Brendon Bruiners and his son Eli trying on a school jacket at School and Leisure near Willowbridge. Eli will be going to Grade 1 at Bellville Christian Academy. Picture: Henk Kruger/African News Agency(ANA)
Brendon Bruiners and his son Eli trying on a school jacket at School and Leisure near Willowbridge. Eli will be going to Grade 1 at Bellville Christian Academy. Picture: Henk Kruger/African News Agency(ANA)

Western Cape pupils prepare to put their best foot forward

By Sisonke Mlamla Time of article published Jan 14, 2020

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Cape Town - Thousands of pupils across the country will start their schooling careers or return to class for the start of the new academic year on Wednesday.

Western Cape Education Department (WCED) spokesperson Bronagh Hammond said the department was prepared and ready for the start of the 2020 school year.

She said textbook and stationery orders were delivered by the end of October, and staff had been informed of their schedules.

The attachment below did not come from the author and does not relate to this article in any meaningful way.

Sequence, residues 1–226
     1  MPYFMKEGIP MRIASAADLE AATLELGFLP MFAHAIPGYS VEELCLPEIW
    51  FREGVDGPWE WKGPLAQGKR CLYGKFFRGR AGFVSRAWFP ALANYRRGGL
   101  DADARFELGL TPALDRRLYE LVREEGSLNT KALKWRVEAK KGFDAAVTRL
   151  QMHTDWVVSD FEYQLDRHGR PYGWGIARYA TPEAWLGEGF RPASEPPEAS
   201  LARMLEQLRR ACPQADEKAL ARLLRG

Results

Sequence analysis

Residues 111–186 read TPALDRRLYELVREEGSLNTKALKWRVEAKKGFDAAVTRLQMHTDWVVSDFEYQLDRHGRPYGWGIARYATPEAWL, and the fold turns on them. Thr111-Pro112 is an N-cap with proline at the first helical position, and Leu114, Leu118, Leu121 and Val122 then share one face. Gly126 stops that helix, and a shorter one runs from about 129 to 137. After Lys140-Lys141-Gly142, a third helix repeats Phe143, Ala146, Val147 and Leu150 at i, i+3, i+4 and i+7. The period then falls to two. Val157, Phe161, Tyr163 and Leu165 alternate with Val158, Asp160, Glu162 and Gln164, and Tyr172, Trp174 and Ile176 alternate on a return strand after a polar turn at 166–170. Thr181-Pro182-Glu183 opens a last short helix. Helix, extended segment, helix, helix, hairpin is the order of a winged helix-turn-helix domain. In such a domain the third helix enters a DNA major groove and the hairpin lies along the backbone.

“A 2020 planning calendar for schools was sent in September which provides a schedule of important dates for training programmes, meetings, tests and examinations, religious observances and other administrative deadlines in order to aid schools’ planning,” she said.

Hammond said the department’s vision for education in the Western Cape remained clear: to achieve quality education for every child, in every classroom, in every school in the province.

Dave Bloom and his son Jackson Bloom, who will be going to Gr2 at Kenridge Primary, are trying on new school shoes at School and Leisure near Willowbridge. Picture: Henk Kruger/African News Agency(ANA)

She said one of the greatest challenges the department faced this year was budget cuts, which would affect delivery, especially with regards to infrastructure. “We are doing everything we can to protect our teaching posts,” she said.

ANC deputy chief whip in the provincial legislature and the party’s spokesperson on education Khalid Sayed said one of the main challenges in the province was the overcrowding in schools.

“This speaks directly to the issue of skewed patterns of resourcing and budgeting in education. While many schools in poor communities will be overcrowded and have long waiting lists, those in affluent communities will run smoothly with acceptable teacher-to-learner ratios.”

@SISONKE_MD

[email protected]

Cape Argus

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